Khan Rebuts All Charges Based on “Inaccurate Information”

By , 22 March, 2010, No Comment

In an open letter to MP Z. Enkhbold, Khan Resources has clarified its point of view about certain conclusions and recommendations recently made by the working group led by him after its visit to Dornod uranium district last summer.

The company notes that the license it holds was not included in the list of licenses whose legality was sought to be investigated. Reiterating that the company has been fully cooperating with Government officials, Khan says it would be pleased to provide all relevant documents to the working group if asked to do so. Expressing confidence that Khan has fulfilled all its obligations towards Central Asia Uranium Corporation (CAUC), the company says it is difficult to understand why only it should be investigated when there are two other partners in the joint venture. “It is most unfortunate that inaccurate information has been delivered…through recent official and unofficial sources that suggests that only Khan may have been in breach of the law,” the letter says.

It traces the full history of the operations of Khan Resources in Mongolia “in compliance with all laws and regulations”, and asserts that the company intends to work “according to international standards”, even though some of the measures “will be more costly”, in keeping with Khan’s strong belief “in putting health, safety, and environment protection as a number one priority, and well ahead of profits”.

The letter details the course of events that led to the conclusion of a Memorandum of Understanding on January 22 between MonAtom LLC, the representative of the Mongolian Government, and Khan, “whereby Khan agreed to transfer 51% of the shares of Khan Resources Co., Ltd to MonAtom free of charge”, in “clear acknowledgment by Khan of the Mongolian right to own a majority of the Dornod uranium deposit and thereby comply with the Nuclear Energy law”.  The Russian partner (ARMZ) in CAUC “did not respond to this request and abstained from voting”.

Khan says “ARMZ did not obtain any approval from the NEA (Nuclear Energy Agency)” when it made a hostile take-over bid to purchase all of the common outstanding shares of Khan Resources. The NEA broke its silence only when it issued a statement “a day before the expiration of the ARMZ take-over bid” saying that the MoU had “violated Mongolian laws and should not be implemented”. Khan says “this would have led to a drop of the share price of KRI, and would have allowed” ARMZ to purchase them for low value. It was at this time that CNNC of China made an offer to acquire all shares of KRI, and “KRI had no other option than to accept the CNNC offer under such circumstances”.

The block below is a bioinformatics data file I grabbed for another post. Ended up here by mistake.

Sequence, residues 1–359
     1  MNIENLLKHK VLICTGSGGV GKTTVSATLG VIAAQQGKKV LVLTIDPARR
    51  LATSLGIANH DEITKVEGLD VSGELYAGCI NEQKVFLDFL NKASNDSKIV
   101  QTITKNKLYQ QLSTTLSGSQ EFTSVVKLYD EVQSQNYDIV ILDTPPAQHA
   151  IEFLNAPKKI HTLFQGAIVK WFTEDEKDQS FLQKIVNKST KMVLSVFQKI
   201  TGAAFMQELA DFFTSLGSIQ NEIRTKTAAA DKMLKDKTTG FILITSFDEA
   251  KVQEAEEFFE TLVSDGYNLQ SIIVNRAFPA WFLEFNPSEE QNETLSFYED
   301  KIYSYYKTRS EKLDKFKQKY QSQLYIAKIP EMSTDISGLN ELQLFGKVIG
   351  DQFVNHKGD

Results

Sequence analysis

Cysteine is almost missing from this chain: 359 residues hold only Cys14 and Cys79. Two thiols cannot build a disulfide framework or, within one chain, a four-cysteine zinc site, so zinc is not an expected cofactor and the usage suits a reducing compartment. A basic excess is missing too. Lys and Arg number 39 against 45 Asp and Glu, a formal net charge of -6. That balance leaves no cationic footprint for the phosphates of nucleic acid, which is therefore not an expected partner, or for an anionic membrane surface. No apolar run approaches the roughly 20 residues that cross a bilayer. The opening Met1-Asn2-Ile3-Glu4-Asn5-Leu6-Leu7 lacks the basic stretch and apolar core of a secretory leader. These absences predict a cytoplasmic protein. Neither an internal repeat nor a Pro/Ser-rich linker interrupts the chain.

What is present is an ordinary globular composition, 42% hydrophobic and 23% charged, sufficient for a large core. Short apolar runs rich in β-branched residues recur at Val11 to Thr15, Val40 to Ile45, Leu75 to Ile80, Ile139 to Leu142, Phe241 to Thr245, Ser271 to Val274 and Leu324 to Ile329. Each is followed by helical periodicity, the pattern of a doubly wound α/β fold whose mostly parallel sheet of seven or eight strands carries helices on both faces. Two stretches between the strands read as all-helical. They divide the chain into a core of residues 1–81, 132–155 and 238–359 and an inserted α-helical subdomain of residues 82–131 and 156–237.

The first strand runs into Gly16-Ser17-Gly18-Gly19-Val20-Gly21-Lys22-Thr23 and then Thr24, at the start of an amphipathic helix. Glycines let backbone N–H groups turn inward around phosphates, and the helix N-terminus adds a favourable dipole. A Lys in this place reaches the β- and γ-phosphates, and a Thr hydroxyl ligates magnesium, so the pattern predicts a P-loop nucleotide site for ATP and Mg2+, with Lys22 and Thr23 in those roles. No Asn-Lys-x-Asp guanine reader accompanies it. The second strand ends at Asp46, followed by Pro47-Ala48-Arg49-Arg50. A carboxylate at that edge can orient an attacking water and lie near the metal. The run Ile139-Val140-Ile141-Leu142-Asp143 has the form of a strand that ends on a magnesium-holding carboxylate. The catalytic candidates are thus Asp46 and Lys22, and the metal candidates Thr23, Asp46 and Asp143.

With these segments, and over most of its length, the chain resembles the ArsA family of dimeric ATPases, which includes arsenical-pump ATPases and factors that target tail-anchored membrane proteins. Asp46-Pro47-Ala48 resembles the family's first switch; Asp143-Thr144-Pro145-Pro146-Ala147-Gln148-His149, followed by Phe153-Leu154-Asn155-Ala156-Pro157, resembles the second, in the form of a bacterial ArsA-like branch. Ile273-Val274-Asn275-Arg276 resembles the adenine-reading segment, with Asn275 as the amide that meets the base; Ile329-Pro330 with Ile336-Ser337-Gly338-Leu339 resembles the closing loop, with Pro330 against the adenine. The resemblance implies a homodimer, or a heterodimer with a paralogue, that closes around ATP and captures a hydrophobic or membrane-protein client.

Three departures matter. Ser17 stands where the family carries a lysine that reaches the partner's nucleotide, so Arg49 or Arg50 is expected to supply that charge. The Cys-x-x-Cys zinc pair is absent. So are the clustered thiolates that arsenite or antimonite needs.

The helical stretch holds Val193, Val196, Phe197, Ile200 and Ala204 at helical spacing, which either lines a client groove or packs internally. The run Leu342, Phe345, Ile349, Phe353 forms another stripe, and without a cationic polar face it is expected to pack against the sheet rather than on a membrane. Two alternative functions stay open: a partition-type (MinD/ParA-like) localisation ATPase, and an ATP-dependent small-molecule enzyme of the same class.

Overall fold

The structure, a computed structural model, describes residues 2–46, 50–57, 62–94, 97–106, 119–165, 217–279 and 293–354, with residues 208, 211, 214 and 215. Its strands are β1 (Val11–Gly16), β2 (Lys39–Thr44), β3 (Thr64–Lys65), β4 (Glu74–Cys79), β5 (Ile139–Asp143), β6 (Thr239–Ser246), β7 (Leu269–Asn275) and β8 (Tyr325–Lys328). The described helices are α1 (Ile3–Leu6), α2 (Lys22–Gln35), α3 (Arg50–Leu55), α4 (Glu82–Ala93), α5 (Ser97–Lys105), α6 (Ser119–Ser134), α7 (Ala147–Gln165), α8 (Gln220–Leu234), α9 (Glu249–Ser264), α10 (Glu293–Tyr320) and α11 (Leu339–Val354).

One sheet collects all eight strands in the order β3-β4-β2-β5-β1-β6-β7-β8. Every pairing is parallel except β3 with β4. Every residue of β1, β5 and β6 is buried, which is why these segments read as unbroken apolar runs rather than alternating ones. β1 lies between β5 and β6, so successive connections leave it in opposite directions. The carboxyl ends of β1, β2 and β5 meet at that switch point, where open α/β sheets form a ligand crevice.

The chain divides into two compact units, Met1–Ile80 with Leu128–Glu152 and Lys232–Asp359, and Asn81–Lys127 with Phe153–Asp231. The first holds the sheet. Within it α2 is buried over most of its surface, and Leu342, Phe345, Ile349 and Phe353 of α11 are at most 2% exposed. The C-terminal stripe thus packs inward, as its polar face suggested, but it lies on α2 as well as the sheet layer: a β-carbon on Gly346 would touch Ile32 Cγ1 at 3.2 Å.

The letter expresses surprise and disappointment that the ARMZ has made “speculative and unsubstantiated comments” and has been “releasing information about actions that have not taken place and appears to be telling the Government of Mongolia what to do and what not to do”. Then it explains how in a market economy a publicly traded company cannot dictate who buys its shares, and in this regard the Khan management “has no power to prevent investors purchasing its shares, whether they be Russian, Chinese or any other third party… (as) only shareholders make the final decision”.   That final decision on the CNNC offer is yet to be made “and it is too early to predict” what it will be. Thus, “obtaining prior approval from the NEA of a deal which is not yet complete and one in which we cannot predict, does not make any sense to us.

More importantly we cannot find any regulations demanding such approval before the deal is completed.” Besides, the Mongolian law stipulates that “the license holder must obtain approval if it intends to sell, pledge or transfer its shares to others”. In this case, “a third party has made an offer to purchase all outstanding common shares of the Canadian parent company” and this “potential sale will not change the ownership of shares of the company holding licenses in Mongolia”. Khan clarifies “that no amendments were made into the ownership of Khan Resources Co., Ltd and CAUC holding licenses in Mongolia and, if there were indeed any changes to the ownership of these two companies, we would have obtained approval in accordance with the law”.

The letter says “the claim by certain NEA officials that Khan ‘violated’ the law, and did not get the Dornod uranium deposit reserve approved, is simply not true and is completely misleading”. It details how time and again Khan “has been asking to conclude the Dornod deposit pre-mining agreement since 2007 in accordance with the new Mineral Law requirements, but Government agencies would simply ask it to wait”.
The letter concludes by appealing “to all parties to study the facts, and to present to the public accurate and objective information, and then to make decisions in conformity with the laws and regulations”.

Source: Khan Resources; highlighted in the BCM Newswire by Mongolia Business Council

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